5 Best Practices in LPG Cargo Operations

09 November 2017 by Capt. Quentin Cox

LPG Cargo Operations may be comparatively straightforward if the number of cargo types carried is small, for example, only propane and butane. Even then, there is a tendency to neglect best practices and items of cargo equipment that tend to be taken for granted. The nature of the LPG industry is such that commercial opportunities may appear and disappear frequently. Therefore, an awareness of how to be ready to take commercial opportunities will assist in commercial success of the assets available. The source of advise, guidance, and trends within the industry will support this approach.

Below are 5 best practices essential in LPG Cargo Operations:

1. Treat the IGC Code and all regulations as a minimum level of requirement.

Commercial success will not be attained through regulatory adherence alone. Treat regulations as the minimum standard of operation because charterers will be looking for evidence of higher standards.

2. Keep advisory publications such as the Tanker Safety Guide (Liquefied Gases) on board and visible to inspectors and ensure the deck officers read and follow the advice.

There are many trade publications which are purely advisory and are not mandatory to carry.  It is a false economy to avoid supplying ships with these publications, since it is the presence of such books on ships being inspected which are most likely to impress inspectors.  Some vetting guidelines actually list preferred publications which will give ship owners a clue as to which publications to supply.

3. Keep up to date with industry trends and developments, through corporate subscription to the trade press.

These subscriptions are not cheap but owners and operators will be left behind their competition unless they endeavour to keep up to date with developments.  Classification Societies and P&I Club membership, both mandatory, will help as these institutions frequently make such information public.  Irrespective of the membership, all leading Societies and Clubs will include highly beneficial information, so it is up to the operators to check these sources.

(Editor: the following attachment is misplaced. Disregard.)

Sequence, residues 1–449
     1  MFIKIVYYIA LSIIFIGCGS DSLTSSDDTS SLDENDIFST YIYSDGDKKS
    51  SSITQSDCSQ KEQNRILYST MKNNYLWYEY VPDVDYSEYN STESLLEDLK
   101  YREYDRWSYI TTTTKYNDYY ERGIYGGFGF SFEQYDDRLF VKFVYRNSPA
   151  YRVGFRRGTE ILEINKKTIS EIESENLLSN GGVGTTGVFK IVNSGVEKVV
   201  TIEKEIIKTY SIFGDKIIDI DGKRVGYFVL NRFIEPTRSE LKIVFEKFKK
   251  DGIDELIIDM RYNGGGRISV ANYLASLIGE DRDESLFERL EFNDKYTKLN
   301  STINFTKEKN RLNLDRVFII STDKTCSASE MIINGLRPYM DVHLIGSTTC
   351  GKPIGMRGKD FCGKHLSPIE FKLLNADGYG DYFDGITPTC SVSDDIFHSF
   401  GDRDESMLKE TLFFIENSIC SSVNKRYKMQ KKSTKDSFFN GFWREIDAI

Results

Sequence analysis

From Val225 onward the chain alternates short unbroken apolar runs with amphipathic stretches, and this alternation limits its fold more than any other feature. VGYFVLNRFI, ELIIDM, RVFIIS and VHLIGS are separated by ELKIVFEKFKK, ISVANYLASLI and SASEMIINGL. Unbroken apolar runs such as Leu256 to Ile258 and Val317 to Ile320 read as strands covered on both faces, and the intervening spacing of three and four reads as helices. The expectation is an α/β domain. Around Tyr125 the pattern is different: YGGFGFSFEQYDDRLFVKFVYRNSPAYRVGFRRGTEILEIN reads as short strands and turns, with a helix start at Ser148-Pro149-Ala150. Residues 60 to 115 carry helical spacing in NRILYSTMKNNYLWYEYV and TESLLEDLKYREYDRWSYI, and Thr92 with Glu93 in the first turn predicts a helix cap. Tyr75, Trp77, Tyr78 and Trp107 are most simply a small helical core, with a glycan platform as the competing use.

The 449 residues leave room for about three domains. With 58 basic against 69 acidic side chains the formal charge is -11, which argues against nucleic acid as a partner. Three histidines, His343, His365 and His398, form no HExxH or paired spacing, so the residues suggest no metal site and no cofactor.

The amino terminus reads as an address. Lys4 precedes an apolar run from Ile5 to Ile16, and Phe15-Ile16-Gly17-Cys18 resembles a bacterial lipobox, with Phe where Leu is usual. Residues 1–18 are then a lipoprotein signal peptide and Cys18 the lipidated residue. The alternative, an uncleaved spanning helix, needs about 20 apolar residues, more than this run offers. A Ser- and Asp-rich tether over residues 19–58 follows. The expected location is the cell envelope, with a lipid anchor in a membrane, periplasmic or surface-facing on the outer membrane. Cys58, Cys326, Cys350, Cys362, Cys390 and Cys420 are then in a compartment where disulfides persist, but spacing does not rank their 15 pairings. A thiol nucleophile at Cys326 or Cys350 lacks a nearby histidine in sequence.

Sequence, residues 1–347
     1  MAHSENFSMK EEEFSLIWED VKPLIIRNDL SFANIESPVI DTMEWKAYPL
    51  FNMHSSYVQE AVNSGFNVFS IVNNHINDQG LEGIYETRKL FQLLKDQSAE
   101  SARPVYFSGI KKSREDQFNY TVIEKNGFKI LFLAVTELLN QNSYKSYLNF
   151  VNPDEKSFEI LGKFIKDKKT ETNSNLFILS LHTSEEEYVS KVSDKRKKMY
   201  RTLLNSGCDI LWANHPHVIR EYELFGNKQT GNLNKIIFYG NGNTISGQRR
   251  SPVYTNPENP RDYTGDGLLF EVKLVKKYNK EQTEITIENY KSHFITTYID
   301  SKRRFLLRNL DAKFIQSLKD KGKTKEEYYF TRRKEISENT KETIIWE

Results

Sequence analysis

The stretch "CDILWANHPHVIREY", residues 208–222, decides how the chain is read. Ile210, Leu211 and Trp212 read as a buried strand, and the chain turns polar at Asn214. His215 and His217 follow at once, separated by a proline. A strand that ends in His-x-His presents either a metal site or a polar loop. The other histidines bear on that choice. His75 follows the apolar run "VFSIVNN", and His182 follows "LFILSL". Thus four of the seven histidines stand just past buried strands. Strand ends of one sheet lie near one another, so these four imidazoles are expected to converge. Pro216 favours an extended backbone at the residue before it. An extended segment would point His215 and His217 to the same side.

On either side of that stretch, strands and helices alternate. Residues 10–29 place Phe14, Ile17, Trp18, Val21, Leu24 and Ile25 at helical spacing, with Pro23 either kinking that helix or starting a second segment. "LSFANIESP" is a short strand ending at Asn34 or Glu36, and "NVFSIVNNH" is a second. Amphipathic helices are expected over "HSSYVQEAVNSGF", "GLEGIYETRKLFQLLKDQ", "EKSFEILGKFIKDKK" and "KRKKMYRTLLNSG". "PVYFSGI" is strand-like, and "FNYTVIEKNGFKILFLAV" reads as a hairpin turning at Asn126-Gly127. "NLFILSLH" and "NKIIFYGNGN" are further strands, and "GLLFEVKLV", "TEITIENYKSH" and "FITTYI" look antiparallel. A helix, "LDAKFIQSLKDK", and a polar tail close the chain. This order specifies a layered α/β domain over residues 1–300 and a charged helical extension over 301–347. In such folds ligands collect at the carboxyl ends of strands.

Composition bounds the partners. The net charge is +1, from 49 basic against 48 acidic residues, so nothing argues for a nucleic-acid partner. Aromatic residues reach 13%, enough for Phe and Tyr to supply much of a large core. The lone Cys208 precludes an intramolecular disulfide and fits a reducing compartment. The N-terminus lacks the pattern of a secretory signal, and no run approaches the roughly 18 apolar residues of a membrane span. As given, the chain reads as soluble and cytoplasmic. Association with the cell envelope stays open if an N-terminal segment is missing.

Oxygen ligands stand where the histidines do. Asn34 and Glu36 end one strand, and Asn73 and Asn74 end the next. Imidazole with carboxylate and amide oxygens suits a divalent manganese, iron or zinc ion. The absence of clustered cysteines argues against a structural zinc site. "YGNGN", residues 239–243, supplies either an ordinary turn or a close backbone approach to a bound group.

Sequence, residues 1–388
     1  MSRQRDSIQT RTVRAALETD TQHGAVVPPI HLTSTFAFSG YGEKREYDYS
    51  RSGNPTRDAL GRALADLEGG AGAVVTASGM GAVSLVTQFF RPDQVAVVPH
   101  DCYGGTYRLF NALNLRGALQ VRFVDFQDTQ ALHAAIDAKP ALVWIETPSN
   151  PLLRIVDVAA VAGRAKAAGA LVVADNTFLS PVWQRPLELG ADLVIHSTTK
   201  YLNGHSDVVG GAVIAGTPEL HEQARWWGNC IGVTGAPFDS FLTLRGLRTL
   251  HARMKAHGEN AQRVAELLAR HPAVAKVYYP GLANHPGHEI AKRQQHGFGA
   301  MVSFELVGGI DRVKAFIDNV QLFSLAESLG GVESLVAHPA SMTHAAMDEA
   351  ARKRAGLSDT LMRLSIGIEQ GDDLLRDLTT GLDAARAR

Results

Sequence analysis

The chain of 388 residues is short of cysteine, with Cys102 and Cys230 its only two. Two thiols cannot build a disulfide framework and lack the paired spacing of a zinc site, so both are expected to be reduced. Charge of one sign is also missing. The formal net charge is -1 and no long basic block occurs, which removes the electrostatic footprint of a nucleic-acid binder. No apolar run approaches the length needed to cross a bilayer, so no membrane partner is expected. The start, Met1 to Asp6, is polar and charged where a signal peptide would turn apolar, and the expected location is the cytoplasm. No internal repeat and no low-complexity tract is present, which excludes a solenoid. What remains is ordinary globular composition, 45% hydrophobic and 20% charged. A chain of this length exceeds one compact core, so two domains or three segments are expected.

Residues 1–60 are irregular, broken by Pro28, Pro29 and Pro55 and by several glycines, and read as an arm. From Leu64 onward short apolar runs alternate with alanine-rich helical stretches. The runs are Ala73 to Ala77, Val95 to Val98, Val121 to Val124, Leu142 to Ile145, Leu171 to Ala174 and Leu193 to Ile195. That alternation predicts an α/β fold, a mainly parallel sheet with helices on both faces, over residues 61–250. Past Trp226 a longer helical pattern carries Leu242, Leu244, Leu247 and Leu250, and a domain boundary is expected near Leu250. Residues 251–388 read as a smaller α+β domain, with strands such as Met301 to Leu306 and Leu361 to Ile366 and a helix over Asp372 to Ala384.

4. Maintain a versatile Certificate of Fitness, in terms of the variety of cargoes that the tanker is certified to carry. Be ready to take advantage of the opportunity to carry more lucrative cargoes.

Commercial success may come in the form of versatility.  It is easy (and lazy) to confine your ship’s cargo carrying versatility to a small number of cargoes.  As long as the ship’s Certificate of Fitness can be maintained to carry a wide range of cargoes, then options remain greater.  If one cargo source disappears, then more may become feasible if the ship’s documentation permits.

5. Ensure cargo conditioning equipment is maintained to the highest efficiency by regular maintenance.

Cargo conditioning equipment includes compressors, condensers and other associated equipment such as vapourisers, heaters, inert gas and nitrogen generators, as well as cargo pumps. They should all be working at maximum efficiency and records of checks and maintenance will be of interest to inspectors.

To know more about the best practices in this industry, you are invited to join PetroKnowledge’s training course entitled Liquefied Petroleum Gas (LPG) Cargo Operations and Re-liquefaction scheduled in Dubai, U.A.E. Take the initiative now and advance your organisation’s commercial viability to the next level!

Download The Complete PetroKnowledge Training Schedules Here

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